Mike Leigh's Abigail's Party is an iconic play which has a home in the hearts of many thanks to it's 1977 Hampstead Theatre production and subsequent BBC airing. If you knew it then, you'll still love it now, but what for a young whippersnapper like me, who wasn't even alive when the play landed on the scene? Is it still relevant and is it still funny when there is no recognition of the production everyone knows, nor even of the time in which it is set? Simple answer. Yes. Huge yes. Mega yes.
Lindsay Posner's superb production at the Menier Chocolate Factory is as close to perfection as one could hope, hitting every beat providing waves of laughter, grimaces and delight. The design instantly transports one to the 70s, with its burnt oranges and rotary dial telephones, never missing a detail, from the plug sockets to the fibre optic lamp, at no point do you ever feel you are anywhere but a 1970's middle-class living room.
The writing is barely worth mentioning, for its brilliance speaks for itself. A drinks party at Beverly's (Jill Halfpenny) house allows her and her husband Laurence (Andy Nyman) to get to know new neighbours Angela (Natalie Casey) and Tony (Joe Absolom) with a visit from Susan (Susannah Harker) whose daughter Abigail is throwing a party a few doors down. Marital problems, hatred and desire all make an appearance, along with cheese & pineapple cocktail sticks, a few olives and copious drinks.
The cast simply nail it, providing grotesque and relatable characters seething and bickering full of charm, rage, anger and sadness at the lives they live. Jill Halfpenny is a revelation as radiant, beautiful yet disgusting Beverly, bringing out a vulnerable side to a battle-axe of a woman, Absolom who she has her eyes on plays the quiet bully with an underlying menace, while Casey brings every laugh out of simple Angela and Harker makes Susan wonderfully middle-class and twee. So much is said through looks and body language that the characters cease to become characters right in front of yours eyes capturing their the palpable pain and absurdity. Andy Nyman's Laurence is a phenomenal, seething with bad luck, having realised his life and wife isn't what he had once hoped for. From all the laughter he creates, the arrival of olives at a party will never be the same again, there is a truth to the sadness of Laurence as he talks about his love of art and desire to visit Paris. The juxtaposition of his wife's sexualised dancing with Tony and his own hapless dance with Angela is a horrifying thing of rare theatrical beauty, all at one hilarious yet desperately sad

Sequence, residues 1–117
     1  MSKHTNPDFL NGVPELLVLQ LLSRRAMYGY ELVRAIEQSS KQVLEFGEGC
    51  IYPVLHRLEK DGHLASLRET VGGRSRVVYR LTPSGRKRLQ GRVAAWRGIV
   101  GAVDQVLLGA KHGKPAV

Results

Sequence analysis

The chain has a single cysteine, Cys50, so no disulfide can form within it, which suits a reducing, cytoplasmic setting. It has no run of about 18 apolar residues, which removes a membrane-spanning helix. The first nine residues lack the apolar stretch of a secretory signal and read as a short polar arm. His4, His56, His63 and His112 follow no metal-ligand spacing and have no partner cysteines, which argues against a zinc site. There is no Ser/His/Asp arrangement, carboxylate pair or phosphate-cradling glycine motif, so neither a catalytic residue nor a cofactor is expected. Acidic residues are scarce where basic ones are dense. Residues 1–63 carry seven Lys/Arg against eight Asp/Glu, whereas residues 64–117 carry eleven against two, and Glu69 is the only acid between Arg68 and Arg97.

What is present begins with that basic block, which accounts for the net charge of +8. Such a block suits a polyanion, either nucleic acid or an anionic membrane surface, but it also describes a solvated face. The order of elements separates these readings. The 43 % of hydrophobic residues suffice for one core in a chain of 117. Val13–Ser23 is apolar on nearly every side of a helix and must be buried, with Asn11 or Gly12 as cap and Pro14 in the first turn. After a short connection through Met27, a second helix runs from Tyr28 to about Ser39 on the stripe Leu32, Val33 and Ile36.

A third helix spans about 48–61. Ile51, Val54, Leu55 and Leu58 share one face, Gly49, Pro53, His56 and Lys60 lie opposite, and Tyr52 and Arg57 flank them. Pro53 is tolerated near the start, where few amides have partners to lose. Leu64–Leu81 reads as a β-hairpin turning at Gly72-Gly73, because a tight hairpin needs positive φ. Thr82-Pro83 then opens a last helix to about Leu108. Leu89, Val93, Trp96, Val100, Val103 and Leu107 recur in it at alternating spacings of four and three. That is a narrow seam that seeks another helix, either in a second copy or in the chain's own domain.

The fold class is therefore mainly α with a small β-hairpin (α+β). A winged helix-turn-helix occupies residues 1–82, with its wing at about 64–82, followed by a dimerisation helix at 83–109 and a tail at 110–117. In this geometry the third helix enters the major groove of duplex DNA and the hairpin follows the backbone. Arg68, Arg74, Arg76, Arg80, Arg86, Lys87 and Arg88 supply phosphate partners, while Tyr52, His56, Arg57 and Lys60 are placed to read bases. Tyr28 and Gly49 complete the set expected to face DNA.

This is a production that deserves a longer life than its already sold-out run at the Chocolate Factory. As true now as it was then, an evening of escapism to the past which is every bit as dramatic, funny and relevant now as ever. This is a party you'll want to attend despite not getting a party bag with a slice of cake wrapped in a napkin in it on your way out.
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